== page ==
It was the U.S. Army's interest in the Wright Flyer as a military system 111 years ago that helped touch off the modern aerospace and defense sector as we know it, and now it may be the Homeland Security Department's "interest" in unmanned aircraft for border security that could sweep in the era of domestic remotely piloted vehicles for all kinds of applications.
Thus far, a Lone Ranger, but partners are sure to come.
Yesterday DHS let known its Customs and Border Protection agency obtained approval from the FAA for a certificate of authorization that will allow CBP Predator B flights along the Texas border with Mexico, and throughout the Gulf Coast. CBP will base a General Atomics Aeronautical Systems Predator B at the Corpus Christi Naval Air Station, Texas, "as soon as all necessary agreements and resources are finalized to sustain a permanent UAS presence there."
The news came as Homeland Security Secretary Janet Napolitano made a speech asserting the Obama administration's stepped-up border security measures. Indeed, according to this Washington Post article, as killings have increased in Mexico, violent crime is down along the U.S. side of the border. At the same time, seizures of illegal weapons, drugs and cash have risen. But more can be done, she acknowledged.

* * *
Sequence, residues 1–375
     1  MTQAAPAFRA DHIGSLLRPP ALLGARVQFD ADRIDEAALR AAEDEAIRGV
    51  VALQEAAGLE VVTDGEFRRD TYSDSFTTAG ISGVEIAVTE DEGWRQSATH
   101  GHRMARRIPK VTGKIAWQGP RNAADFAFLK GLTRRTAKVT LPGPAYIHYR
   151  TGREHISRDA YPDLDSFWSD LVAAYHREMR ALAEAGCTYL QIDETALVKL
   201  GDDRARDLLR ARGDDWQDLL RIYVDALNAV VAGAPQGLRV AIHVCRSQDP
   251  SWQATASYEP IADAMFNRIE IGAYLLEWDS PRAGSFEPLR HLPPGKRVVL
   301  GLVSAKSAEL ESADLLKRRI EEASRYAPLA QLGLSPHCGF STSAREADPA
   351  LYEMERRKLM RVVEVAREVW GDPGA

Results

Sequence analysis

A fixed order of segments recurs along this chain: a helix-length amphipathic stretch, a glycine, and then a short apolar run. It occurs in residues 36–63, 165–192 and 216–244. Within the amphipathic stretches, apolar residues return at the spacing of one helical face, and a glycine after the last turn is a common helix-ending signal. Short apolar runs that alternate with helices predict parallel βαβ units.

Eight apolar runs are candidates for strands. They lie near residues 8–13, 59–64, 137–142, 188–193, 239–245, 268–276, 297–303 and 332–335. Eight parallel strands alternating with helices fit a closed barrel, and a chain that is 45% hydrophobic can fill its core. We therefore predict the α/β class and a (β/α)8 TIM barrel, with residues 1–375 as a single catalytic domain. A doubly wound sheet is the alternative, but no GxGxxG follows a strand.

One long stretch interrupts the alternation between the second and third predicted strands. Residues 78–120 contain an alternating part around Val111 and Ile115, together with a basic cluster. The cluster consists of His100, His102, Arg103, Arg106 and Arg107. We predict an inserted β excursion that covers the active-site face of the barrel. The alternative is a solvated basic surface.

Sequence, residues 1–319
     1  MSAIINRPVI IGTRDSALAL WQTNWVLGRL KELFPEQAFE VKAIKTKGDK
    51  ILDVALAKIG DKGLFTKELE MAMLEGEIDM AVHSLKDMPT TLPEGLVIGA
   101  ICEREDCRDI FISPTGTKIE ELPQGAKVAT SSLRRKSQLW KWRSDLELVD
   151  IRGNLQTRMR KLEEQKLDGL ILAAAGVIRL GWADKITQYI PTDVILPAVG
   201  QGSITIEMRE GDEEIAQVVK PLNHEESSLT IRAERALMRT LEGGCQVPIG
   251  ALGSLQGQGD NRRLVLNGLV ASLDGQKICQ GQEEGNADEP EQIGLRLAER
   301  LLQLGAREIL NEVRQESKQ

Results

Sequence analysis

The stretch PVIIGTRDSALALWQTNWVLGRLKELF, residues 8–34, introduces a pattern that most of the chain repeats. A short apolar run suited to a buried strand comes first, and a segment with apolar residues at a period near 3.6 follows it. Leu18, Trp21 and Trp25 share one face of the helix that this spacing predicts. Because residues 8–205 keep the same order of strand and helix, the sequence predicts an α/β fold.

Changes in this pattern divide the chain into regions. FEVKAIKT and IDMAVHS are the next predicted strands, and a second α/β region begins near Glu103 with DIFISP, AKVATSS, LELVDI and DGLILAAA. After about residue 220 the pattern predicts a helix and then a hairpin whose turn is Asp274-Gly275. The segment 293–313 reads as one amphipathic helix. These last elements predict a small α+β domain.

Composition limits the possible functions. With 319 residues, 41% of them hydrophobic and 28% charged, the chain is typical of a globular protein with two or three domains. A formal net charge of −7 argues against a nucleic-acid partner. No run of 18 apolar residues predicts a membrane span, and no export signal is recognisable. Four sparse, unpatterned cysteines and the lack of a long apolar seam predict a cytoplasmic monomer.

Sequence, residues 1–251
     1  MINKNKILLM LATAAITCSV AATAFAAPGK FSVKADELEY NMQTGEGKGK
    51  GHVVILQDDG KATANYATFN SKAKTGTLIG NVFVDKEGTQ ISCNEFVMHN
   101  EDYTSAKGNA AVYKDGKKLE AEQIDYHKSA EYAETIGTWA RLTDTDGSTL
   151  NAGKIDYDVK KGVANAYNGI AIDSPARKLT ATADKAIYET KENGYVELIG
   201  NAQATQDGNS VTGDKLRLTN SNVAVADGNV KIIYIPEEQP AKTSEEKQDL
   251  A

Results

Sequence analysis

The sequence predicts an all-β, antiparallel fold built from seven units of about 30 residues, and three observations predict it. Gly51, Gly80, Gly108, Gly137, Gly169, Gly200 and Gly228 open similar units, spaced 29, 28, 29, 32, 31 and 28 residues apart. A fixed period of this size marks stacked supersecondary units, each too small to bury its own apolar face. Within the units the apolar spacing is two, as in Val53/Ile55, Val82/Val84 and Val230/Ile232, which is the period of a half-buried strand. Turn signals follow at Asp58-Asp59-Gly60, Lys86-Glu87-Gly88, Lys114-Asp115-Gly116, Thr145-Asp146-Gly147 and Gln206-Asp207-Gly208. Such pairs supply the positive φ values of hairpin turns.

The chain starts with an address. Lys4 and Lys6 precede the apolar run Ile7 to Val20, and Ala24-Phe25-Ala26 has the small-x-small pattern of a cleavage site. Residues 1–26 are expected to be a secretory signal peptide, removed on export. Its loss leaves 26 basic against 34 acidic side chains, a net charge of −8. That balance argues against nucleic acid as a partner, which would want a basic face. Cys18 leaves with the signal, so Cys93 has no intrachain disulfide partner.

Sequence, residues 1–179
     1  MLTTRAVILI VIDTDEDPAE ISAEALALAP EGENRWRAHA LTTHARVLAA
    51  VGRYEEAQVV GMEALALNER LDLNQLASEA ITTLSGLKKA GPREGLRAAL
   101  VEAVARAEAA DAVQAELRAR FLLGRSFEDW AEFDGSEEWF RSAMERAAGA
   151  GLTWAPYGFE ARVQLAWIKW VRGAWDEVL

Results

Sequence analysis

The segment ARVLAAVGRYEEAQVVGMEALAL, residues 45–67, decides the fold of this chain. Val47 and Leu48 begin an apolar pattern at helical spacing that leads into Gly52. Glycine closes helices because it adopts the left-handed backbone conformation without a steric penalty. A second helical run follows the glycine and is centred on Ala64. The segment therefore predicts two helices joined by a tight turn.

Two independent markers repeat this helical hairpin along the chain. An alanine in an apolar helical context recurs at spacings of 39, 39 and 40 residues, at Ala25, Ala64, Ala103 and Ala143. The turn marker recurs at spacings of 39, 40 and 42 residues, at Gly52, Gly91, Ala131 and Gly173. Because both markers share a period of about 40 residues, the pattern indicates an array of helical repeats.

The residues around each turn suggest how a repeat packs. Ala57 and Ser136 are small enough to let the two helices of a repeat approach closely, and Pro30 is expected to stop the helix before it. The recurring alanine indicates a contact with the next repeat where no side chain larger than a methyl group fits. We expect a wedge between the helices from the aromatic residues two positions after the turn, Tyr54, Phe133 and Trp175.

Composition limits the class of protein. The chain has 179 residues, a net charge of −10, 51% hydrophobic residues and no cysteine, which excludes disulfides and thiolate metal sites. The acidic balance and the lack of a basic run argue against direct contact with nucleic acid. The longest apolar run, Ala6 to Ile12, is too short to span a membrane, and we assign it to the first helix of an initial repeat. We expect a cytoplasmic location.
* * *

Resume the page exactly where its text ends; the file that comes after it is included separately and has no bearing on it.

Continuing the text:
And the Texas delegation in Washington wanted more done - ASAP. Republican Sens. Kay Bailey Hutchison and John Cornyn had openly advocated for FAA permission of Predator flights in Texan skies for months. When FAA approval was slow in coming, Cornyn blocked Senate confirmation of Michael Huerta to be deputy director of the FAA. On Wednesday, after learning that the agency had given its approval for the unmanned aerial vehicle, or UAV, to operate in Texas, Cornyn said he would allow a vote on Huerta.
The debate about unmanned aircraft in U.S. skies, of course, is only growing. In the latest issue of Aviation Week's BCA magazine, David Esler has an encyclopedic report on the issue as it stands now. The Texan push for CBP Predators seems to me to be the first of many forced entries into domestic skies as needs and desires overwhelm apprehensions.
For now, CBP operates five Predator Bs. Three are assigned to the southwest border, operating from the U.S. Army’s Fort Huachuca in Arizona. Two Predator Bs are assigned to the northern border, based in Grand Forks AFB, N.D. CBP and the Coast Guard also are testing a prototype maritime Predator B, known as Guardian.
Guardian was modified from a standard Predator B with structural, avionics, and communications enhancements, as well as the addition of a Raytheon SeaVue Marine Search Radar and an electrooptical/infrared sensor that is optimized for maritime operations, according to CBP.
The air and marine division of CBP is one of the largest non-military security forces of its kind in the world. The Coast Guard - the fifth, DHS-based U.S. armed service - has dreams of its own fleet of UAVs too, which means the paramilitary fleet of unmanned aircraft in U.S. skies likely will only increase, and sooner rather than later.